All Mixed Up

Saturday's final minute meltdown in Oxford left LSU coaches Les Miles and Gary Crowton in hot water.

The “Meltdown in Mississippi” is probably all you have talked, read, written and dreamed about over the past three days.

If you scanned over the box score alone, you might have wondered what all the fuss was about.

Ole Miss outperformed LSU, right?

They topped the Tigers in total yards (426), time of possession (33:36), first downs (22) and third-down efficiency (6-14).

Most importantly, the Rebels finished with 25 points. LSU only had 23.

Seems like another grind-it-out Southeastern Conference affair, but nothing to drag into the national media and place into Tiger football lore.

As they say, don’t let the numbers fool you.

This one had some extra flavor to it, minus the kick that bayou-born Tiger fans typically order up. In fact, this one never had a kick at all.

It boiled down to the final minute of the game and the confusion that transpired.

LSU coach Les Miles, a man paid a hefty sum to manage one of the nation’s elite college football programs, looked like a lost ball in the high weeds – and the whole country was watching.

Most of it was his fault, and he certainly admitted to that more than once at Monday’s press conference. Still, there is some other blame to pass around.

First thing’s first, I didn’t want to force my fingers to labor on a keyboard for a 1,000 words about the final second of the game, so I will keep the workload to a paragraph.

I was on the sideline on Saturday, and I watched the increasingly popular YouTube video that showed Miles make the spiking motion – a move that would have effectively ended the game. On Monday, Miles reaffirmed that his hand motions were to signal that Terrance Toliver, not the Rebel defender, had come down with the football.

The debate is all the rage, but to me, it is a moot point.

As Miles said at his press conference on Monday, “with one second to go on the clock, more times often than not we will not get a snap.”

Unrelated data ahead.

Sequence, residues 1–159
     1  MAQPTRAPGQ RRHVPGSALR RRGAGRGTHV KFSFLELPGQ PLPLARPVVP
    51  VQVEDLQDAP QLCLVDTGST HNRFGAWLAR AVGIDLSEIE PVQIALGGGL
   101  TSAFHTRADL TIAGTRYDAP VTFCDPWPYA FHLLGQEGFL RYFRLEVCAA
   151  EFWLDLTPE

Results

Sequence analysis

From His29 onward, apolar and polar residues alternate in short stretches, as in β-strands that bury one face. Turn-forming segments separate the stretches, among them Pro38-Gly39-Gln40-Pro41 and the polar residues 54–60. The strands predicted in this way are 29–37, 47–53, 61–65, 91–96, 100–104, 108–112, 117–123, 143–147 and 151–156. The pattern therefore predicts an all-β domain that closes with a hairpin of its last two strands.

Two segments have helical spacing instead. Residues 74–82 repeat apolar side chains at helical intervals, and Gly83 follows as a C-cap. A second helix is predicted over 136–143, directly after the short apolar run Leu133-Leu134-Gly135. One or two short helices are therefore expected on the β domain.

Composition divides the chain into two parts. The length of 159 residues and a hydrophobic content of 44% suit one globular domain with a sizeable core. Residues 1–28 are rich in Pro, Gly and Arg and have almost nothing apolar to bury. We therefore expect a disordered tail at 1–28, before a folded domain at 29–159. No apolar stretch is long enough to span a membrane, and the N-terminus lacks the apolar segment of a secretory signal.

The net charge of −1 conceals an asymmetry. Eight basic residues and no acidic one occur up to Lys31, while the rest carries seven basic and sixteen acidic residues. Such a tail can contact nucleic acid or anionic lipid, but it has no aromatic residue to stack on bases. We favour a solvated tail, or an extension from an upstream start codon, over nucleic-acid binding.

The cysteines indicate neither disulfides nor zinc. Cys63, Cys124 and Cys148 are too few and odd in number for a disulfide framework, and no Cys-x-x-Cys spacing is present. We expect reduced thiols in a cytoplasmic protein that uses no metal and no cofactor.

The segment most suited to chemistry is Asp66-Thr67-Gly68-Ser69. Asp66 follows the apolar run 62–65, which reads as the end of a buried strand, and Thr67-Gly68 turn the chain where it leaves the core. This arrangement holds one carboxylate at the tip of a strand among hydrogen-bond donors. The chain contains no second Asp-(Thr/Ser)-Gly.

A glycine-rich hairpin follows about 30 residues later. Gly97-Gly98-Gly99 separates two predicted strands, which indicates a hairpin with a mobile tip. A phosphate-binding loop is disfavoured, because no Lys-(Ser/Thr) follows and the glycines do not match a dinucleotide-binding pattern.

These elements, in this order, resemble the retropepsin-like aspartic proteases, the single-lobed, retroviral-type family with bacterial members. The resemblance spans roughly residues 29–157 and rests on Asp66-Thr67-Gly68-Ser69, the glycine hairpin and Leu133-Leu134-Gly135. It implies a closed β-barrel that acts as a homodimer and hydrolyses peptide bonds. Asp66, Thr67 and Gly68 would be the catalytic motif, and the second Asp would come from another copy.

If you are wondering why the field goal team was not ready to run on after the catch, Miles had an answer for that too. In the prior timeout, he had not thought of that as a possibility. The message Miles passed to his team was that Jefferson’s throw with nine seconds to play would be the final snap of the game.

Instead, one second remained – and the Tigers didn’t get off a snap.

But, they could have gotten a snap off with 17 seconds left - the amount of time that ticked off between the third-down play and when Miles signaled to the officials for his final timeout.

Even though Miles stood in front of the media and shouldered each ounce of blame for the mishaps, what happened in those 17 seconds remains a mystery.

The blunder began two plays prior, a 1st and 10 look from inside Josh Jasper’s field goal range that resulted in back-to-back plays for loss of yardage.

If the Tigers had never gained a yard, the winning field goal attempt would have been from 49-yards out. Earlier in the game, Jasper had hit a 50-yarder with room to spare.

Common wisdom tells you to grind the football out and give the field goal a shot, and the pieces had – amazingly – all fit in time for that shot to be taken.

Jefferson drove the offense 66 yards for a touchdown before the Tigers recovered an onside kick, Miles had 1:17 to get the three points needed, and he knew he had the kicker to do it.